Friday, 27 January 2017 09:33

Stress Testing Your Business: Nature and the Economy

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We have seen first-hand how natural disasters can negatively impact retail businesses.  The 2011 Christchurch earthquake destroyed several buildings in the city’s CBD.  The November 2016 Kaikoura earthquakes impacted several retail businesses in the North and South Islands. 

In a matter of minutes, many businesses lost use of their premises and many retailers lost a significant amount of stock.  Some retail businesses in Christchurch were unable to operate for months after the earthquakes while others never recovered.  Some of those affected by the Kaikoura earthquakes are facing the same issues.  While having a disaster recovery plan in place before you need it won’t prevent disasters from occurring, it could save your business by providing you with a well thought out plan that will help you to move forward.

It’s also important to properly insure your company and to review your insurance cover regularly to ensure your business is adequately protected.  If you have business interruption insurance, it can help protect your business against loss of income suffered because of an unexpected setback.  Key person insurance can provide monetary compensation/revenue replacement in the event that something happens to someone pivotal to your business’ ongoing success.  There are also various insurance products available that cover stock, machinery, and plant.  An insurance broker should be able to advise you on what insurance you should be carrying.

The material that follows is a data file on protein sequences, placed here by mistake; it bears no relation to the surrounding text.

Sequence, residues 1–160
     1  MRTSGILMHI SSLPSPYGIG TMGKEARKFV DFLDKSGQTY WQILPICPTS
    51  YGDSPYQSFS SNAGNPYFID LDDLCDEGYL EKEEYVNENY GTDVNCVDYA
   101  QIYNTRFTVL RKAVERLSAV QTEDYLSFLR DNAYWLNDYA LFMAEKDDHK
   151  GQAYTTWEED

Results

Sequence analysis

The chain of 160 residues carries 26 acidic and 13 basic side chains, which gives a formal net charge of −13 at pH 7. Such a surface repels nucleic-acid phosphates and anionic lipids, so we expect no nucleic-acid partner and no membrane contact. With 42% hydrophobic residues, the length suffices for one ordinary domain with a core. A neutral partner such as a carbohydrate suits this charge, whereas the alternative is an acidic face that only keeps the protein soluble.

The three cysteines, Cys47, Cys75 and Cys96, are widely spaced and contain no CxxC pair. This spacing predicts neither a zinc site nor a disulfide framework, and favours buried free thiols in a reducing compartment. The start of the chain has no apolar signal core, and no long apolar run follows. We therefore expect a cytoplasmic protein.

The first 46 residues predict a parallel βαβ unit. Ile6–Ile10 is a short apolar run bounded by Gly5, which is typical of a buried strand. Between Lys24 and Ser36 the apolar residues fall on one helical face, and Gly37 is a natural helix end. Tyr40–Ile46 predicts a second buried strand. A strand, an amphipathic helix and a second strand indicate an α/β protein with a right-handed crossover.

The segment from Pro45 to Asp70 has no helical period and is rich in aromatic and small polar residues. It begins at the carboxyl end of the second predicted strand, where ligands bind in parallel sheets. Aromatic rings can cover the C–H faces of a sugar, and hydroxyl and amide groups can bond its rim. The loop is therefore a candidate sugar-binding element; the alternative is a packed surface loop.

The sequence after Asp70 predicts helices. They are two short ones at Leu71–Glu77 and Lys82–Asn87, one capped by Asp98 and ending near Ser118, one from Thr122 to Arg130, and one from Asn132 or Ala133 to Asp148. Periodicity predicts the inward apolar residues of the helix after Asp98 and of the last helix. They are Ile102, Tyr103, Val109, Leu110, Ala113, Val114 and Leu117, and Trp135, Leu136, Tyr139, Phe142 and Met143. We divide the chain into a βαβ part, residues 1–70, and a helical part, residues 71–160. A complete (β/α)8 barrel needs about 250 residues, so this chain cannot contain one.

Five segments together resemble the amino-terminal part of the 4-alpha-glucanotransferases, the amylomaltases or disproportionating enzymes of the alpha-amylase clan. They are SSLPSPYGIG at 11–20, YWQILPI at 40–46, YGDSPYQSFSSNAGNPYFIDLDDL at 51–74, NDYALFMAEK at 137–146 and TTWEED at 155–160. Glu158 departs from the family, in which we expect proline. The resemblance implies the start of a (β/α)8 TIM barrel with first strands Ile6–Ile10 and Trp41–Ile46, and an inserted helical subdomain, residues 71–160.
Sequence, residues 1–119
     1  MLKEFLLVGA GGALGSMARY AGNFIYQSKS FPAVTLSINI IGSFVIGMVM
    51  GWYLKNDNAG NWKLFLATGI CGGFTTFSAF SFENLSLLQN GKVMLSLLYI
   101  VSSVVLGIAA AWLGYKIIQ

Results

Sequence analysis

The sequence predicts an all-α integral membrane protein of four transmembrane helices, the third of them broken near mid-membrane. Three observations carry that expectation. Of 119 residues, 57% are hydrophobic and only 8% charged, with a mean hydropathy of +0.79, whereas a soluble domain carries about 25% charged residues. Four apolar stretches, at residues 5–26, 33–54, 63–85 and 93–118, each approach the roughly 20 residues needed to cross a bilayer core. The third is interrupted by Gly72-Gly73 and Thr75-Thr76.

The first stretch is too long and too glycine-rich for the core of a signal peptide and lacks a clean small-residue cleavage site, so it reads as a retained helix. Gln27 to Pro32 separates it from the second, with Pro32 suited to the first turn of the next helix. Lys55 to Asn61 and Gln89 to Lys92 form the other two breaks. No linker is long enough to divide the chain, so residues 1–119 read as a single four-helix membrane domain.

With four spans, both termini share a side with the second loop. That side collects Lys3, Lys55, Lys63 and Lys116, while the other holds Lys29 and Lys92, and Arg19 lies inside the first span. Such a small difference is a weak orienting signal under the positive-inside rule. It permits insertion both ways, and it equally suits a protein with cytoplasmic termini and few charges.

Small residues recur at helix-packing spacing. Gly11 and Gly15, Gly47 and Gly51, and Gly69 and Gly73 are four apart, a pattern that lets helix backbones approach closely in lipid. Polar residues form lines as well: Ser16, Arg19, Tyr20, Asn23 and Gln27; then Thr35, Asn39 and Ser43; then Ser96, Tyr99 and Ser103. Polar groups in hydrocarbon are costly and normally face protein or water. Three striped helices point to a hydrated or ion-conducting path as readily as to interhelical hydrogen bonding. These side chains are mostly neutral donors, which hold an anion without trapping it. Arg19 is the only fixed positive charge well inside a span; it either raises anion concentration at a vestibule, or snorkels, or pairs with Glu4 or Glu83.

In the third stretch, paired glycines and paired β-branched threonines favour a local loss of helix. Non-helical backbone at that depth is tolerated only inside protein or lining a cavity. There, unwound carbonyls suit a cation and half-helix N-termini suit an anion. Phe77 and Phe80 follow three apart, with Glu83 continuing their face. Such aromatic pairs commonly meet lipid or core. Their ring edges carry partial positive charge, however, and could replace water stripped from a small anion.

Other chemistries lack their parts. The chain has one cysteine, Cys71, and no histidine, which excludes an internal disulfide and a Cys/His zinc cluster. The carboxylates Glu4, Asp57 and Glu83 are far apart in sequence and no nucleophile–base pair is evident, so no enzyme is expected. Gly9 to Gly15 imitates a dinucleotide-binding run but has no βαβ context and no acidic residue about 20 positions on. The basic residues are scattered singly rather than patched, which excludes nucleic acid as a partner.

Changes in the economy can also wreak havoc on a previously stable business.  The Global Financial Crisis caused a downturn in many retail markets, including New Zealand.  Similarly, changes to legislation can see a booming retail business become unprofitable overnight, as happened to several retail businesses when the government banned previously legal party pills. 

If you buy products or services from overseas, it is important to monitor foreign exchange rates.  You can lock in foreign exchange rates (just like a fixed mortgage interest rate) to protect your business against exchange rate fluctuations.  If the exchange rate drops after you lock in your rate, you could end up paying a little more (to cover the cost of the hedge) but, if there is any increase in the exchange rate, you know you will still be able to afford to pay your suppliers.

Running a business can be unpredictable.  If your business has suffered an unplanned event or you’re looking to set up recovery plans, talking to a business risk or business strategy advisor could help guide you through these stressful periods.

Contact us to see how we can help.

Read 3253 times Last modified on Thursday, 09 March 2017 10:24

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